Who wouldn't wan't to have that for all of their tables, including tables with billions of records? Everybody wants that, including all of those people out there in the trillion-dollar IT industry that is so much bigger than GIS.

Let's agree it would be wonderful if table windows could be primary interfaces for big tables, including all the functions we love so much. Let's agree that it would be wonderful to allow a user to begin to sort the entire table, but then to allow immediate cancellation if the user thinks that to be a mistake. Agreed? OK.

Now that we've agreed on the merit of that idea, let me ask you a key question. I think that when you answer that question, you'll be forced to consider issues that should not be assumed away. The question:

Why doesn't Oracle do that?

We are talking about a generic thing, after all, that is broadly applicable throughout DBMS. If you think our idea would be valuable to us peasants here in GIS, a microscopic fraction of the trillion dollar worldwide IT market, our idea would be far more valuable outside of GIS in the broader IT market.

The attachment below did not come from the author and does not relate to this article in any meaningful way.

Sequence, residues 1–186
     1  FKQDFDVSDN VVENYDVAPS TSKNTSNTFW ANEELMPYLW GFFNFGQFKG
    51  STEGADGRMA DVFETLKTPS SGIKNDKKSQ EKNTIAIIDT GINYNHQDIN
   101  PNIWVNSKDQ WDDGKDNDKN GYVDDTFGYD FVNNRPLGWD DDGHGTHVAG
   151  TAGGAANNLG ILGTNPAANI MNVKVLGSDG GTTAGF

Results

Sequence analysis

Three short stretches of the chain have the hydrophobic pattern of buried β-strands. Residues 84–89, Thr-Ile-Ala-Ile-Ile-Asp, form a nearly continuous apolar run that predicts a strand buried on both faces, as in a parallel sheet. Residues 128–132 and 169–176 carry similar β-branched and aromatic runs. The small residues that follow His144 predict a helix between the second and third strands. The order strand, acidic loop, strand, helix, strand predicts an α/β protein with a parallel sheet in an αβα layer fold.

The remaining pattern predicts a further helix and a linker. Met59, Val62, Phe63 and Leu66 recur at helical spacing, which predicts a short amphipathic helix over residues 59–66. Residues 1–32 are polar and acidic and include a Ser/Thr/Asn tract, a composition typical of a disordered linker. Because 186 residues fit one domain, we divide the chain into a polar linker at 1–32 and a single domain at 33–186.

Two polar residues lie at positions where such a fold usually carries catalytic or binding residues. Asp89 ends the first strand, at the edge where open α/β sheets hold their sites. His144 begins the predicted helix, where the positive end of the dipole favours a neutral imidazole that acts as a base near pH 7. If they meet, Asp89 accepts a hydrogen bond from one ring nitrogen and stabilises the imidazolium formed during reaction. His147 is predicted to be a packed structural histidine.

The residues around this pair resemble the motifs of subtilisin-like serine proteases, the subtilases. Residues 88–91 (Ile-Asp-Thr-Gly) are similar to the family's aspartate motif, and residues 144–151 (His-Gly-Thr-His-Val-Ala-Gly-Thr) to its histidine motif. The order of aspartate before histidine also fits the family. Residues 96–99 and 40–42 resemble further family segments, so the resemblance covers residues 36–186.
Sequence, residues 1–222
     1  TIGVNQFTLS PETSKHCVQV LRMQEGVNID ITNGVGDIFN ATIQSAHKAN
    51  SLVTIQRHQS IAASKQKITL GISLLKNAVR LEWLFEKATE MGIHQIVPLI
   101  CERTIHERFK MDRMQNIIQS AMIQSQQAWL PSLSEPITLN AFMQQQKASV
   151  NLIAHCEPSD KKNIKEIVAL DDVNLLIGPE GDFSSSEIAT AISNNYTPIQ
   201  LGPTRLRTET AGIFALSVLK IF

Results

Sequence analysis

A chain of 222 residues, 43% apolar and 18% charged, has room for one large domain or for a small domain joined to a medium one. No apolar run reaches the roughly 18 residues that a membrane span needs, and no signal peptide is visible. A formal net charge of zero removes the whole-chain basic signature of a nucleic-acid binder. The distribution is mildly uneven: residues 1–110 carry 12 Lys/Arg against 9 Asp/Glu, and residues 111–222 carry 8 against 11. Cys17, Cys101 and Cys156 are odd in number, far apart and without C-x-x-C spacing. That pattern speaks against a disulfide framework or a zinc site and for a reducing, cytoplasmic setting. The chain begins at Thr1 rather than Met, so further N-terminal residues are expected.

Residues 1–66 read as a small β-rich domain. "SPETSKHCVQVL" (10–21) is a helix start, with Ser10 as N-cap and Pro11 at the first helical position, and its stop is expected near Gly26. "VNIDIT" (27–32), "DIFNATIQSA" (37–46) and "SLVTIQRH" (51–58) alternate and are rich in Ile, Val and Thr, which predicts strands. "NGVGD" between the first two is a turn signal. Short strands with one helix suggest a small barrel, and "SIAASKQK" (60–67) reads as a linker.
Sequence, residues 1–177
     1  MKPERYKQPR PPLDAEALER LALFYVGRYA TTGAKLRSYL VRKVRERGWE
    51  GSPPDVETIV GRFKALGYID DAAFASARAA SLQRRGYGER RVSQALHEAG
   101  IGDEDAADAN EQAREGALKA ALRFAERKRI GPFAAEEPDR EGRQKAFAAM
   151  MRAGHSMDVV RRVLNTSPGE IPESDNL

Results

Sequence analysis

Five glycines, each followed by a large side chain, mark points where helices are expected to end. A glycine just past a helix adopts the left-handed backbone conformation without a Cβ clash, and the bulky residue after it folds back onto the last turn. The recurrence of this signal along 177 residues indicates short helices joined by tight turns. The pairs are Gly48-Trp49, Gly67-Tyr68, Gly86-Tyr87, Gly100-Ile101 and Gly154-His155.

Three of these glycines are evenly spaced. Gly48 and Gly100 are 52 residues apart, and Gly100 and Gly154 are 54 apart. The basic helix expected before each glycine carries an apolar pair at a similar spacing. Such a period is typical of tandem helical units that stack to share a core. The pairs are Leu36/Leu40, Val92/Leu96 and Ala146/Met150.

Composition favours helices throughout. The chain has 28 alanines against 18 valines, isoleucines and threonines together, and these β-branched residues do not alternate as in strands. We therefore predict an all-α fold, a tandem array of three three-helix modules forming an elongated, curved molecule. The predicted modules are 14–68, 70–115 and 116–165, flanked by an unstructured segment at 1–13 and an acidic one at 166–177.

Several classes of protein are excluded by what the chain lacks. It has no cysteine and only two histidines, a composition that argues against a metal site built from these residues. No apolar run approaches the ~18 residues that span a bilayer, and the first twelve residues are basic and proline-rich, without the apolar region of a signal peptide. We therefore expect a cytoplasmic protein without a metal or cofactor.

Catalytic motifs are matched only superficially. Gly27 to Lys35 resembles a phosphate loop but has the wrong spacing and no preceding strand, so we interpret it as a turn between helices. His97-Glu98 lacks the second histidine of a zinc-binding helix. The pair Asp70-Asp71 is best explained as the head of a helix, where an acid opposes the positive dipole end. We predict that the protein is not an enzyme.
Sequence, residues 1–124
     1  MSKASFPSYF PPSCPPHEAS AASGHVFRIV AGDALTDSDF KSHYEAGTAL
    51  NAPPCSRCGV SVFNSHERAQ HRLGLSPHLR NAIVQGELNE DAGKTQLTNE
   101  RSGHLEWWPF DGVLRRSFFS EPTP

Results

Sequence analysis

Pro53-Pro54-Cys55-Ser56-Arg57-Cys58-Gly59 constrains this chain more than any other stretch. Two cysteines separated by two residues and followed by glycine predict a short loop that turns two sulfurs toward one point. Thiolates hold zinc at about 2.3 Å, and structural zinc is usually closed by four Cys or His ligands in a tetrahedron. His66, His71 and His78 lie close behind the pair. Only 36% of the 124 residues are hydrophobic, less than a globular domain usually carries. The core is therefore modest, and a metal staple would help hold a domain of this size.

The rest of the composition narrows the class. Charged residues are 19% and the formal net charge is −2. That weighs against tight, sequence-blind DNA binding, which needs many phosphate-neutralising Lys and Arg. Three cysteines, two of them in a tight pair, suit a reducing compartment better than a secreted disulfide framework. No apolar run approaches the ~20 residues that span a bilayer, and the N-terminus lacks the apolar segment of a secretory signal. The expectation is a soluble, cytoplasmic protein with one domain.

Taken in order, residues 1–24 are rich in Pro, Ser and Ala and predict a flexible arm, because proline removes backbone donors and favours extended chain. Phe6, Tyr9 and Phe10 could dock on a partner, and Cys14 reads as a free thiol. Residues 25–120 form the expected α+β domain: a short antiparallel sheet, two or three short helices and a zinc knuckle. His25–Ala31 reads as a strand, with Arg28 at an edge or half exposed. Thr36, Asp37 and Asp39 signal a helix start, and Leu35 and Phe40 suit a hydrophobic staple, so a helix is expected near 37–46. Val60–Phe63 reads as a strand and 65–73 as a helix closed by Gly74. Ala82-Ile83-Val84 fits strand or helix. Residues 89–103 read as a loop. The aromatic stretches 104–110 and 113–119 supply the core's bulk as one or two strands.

If it was so simple as, "OK, maybe this is daft, but just let the user cancel..." why doesn't Oracle do it?

I'd be curious to hear your analysis, to continue the conversation.

KlausDE

6,229 post(s)
#05-Oct-18 15:05

Why doesn't Oracle do that?

Because they are not focusing on manually manipulating data. Mfd should be IMHO.

Dimitri

5,045 post(s)
#05-Oct-18 15:48

Because they are not focusing on manually manipulating data.

Why do you think they are not focused on manually manipulating data? Could it be that manually manipulating data is tedious, slow, unpleasant, and error-prone compared to automated methods once you get beyond very small numbers of records?

dchall8
501 post(s)
#05-Oct-18 15:53

On the periphery of this discussion, M8 and Excel have some nice GUI display features that would be nice to see in M9.

In M8 when a table has focus, the bottom border bar shows the number of records, number selected, and number filtered. Perhaps if a table in M9 contained more than 50,000 records, there could be a visual flag to indicate that condition. And if a filter selects more than 50,000 records, that could be flagged. When I say flagged, I'm thinking of putting the number of records (or filtered record sets) larger than 50,000 in a bold or even bold red font that stands out to the user. The kicker to this is that a detached table (Alt+click Name Tab) does not have a bottom border bar to display information.